Does milk chocolate cause acne? 

If it seems you’re breaking out after consuming sweet treats like milk chocolate bars, cake, and cupcakes, you may want to consider if ingredients like dairy and sugar are playing a role. But that’s not to say you can’t have your cake and eat it too. You can lower your risk of pimples while still enjoying your favorite desserts by opting for dark chocolate and reducing your added sugar consumption throughout the day.

Curology Model with Dark Spot Formula - Does chocolate cause acne?

Curology is here to help

Narrowing down what triggers your acne and finding effective treatments isn’t always easy. At Curology, we help take the guesswork out of your skincare routine—our licensed dermatology providers will work with you to examine your skin, assess your skincare goals, and provide custom treatment options. 

Get your personalized skincare routine with Curology

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Signing up is easy. Just answer a few questions and snap a few selfies to help us get to know your skin better. If Curology is right for you, one of our in-house licensed dermatology providers will create a personalized prescription formula that targets your specific skin goals. They’re always available to answer any questions you may have and modify your formula if necessary as your skin’s needs naturally shift over time.  

Best of all, Curology is free to start*—you’ll get your prescription formula, plus any of our recommended skincare products, for just $4.95 (plus tax) to cover shipping and handling.

FAQs

Are there benefits to eating chocolate?

Eating chocolate also has potential benefits! But here’s the catch: It’s all about the kind of chocolate you eat. Generally speaking, the darker the chocolate, the better. It contains antioxidants, fatty acids, and essential vitamins including iron, copper, and magnesium.

Does cocoa cause acne breakouts?

Some research suggests chocolate does not cause acne to worsen. This includes a study of young adults who were asked to keep three-day food diaries, which did not find a link between chocolate and acne. The effect of chocolate on insulin and its potential impact on acne is currently being researched.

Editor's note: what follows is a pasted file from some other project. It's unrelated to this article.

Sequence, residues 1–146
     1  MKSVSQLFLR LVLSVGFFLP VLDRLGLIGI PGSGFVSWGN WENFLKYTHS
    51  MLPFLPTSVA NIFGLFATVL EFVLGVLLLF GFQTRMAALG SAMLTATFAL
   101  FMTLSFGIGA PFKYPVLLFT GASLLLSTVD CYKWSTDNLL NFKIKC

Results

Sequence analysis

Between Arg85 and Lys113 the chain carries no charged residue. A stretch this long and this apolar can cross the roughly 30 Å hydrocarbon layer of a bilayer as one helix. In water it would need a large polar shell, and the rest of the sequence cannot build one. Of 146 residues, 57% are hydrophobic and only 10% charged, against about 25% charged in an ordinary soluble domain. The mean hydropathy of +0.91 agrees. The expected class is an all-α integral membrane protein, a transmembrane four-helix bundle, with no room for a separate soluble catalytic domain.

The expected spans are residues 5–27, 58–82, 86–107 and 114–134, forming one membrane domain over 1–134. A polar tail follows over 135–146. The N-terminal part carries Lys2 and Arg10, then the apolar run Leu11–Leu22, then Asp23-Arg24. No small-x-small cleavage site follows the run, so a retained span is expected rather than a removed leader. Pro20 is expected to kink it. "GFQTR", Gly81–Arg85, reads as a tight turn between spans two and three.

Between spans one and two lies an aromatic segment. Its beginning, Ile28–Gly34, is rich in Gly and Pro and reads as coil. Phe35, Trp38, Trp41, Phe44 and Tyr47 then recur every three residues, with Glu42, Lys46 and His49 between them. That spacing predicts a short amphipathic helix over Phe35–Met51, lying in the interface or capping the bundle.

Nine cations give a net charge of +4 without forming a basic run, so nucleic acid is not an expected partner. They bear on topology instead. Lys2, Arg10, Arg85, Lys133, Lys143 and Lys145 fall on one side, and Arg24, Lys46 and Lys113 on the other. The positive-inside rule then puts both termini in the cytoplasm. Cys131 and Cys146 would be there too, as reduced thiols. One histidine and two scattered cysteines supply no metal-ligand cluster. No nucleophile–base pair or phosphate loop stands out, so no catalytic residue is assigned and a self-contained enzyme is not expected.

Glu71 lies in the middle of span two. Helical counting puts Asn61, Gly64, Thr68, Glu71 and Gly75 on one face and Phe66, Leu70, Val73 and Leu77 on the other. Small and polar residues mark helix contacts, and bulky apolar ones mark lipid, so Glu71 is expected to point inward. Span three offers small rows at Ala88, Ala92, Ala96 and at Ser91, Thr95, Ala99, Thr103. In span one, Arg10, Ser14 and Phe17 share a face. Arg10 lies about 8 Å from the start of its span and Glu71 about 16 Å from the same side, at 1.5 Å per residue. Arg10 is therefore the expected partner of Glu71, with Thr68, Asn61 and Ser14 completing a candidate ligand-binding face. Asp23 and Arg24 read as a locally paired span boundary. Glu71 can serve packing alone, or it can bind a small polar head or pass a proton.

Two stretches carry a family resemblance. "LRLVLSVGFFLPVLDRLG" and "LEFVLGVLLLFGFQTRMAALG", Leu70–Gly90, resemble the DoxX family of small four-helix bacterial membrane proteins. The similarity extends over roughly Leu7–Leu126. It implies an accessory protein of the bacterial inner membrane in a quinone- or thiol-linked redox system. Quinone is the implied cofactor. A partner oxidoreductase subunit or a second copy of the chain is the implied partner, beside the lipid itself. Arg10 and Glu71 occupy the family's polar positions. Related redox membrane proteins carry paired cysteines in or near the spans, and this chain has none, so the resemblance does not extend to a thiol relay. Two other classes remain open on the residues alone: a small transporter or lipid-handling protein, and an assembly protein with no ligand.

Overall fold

Does milk chocolate cause acne?

If it seems you’re breaking out after consuming sweet treats like milk chocolate bars, cake, and cupcakes, you may want to consider if ingredients like dairy and sugar are playing a role. You can lower your risk of pimples while still enjoying your favorite desserts by opting for dark chocolate and reducing your added sugar consumption throughout the day. 

• • •

P.S. We did the homework so you don’t have to:

  1.  Bowe, W. P., Diet and acne. Journal of the American Academy of Dermatology. (2010).

  2.  Lim, S., Shin, et al. Dietary Patterns Associated with Sebum Content, Skin Hydration and pH, and Their Sex-Dependent Differences in Healthy Korean Adults.Nutrients. (2019).

  3.  Mahmood, S. N., & Bowe, W. P. Diet and acne update: carbohydrates emerge as the main culprit.Journal of Drugs in Dermatology. (2014).

  4.  Williams, S., et al. Eating chocolate can significantly protect the skin from UV light. Journal of cosmetic dermatology, (2009).

  5.  Scapagnini, G., et al, Cocoa bioactive compounds: significance and potential for the maintenance of skin health. Nutrients. (2014). 

  6.  Scapagnini, G., et al, Cocoa bioactive compounds: significance and potential for the maintenance of skin health. Ibid. 

  7.  Harris, E. D., et al. Copper and the synthesis of elastin and collagen. Ciba Foundation symposium, (1980).

  8.  Kolanu, B. R., et al. Activities of Serum Magnesium and Thyroid Hormones in Pre-, Peri-, and Post-menopausal Women. Cureus, (2020).

  9.  Keen, M. A., & Hassan, I.  Vitamin E in dermatology. Indian dermatology online journal.  (2016).

  10.  Pazyar, N., et al. Wound healing effects of topical Vitamin K: A randomized controlled trial. Indian journal of pharmacolog. (2019). 

  11.   Scapagnini, G., et al, Cocoa bioactive compounds: significance and potential for the maintenance of skin health. Ibid. 

  12.  Huang, T. H., et al. Cosmetic and Therapeutic Applications of Fish Oil's Fatty Acids on the Skin. Marine drugs, (2018).

  13.  Ismail, NH., et al, High glycemic load diet, milk and ice cream consumption are related to acne vulgaris in Malaysian young adults: a case control study. BMC Dermatol. (2012).

  14.  Brand-Miller, J., et al, Cocoa powder increases postprandial insulinemia in lean young adults. J Nutr. (2003).

  15.  Emiroğlu, N., et al, Insulin resistance in severe acne vulgaris. Postepy Dermatol Alergol. (2015).

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Nicole Hangsterfer is a licensed physician assistant at Curology. She obtained her masters in physician assistant studies at the Feinberg School of Medicine at Northwestern in Chicago, IL.

• • •
Our medical review process:We’re here to tell you what we know. That’s why our information is evidence-based and fact-checked by medical experts. Still, everyone’s skin is unique—the best way to get advice is to talk to your healthcare provider.
Curology Team Avatar

Curology Team

Nicole Hangsterfer Avatar

Nicole Hangsterfer, PA-C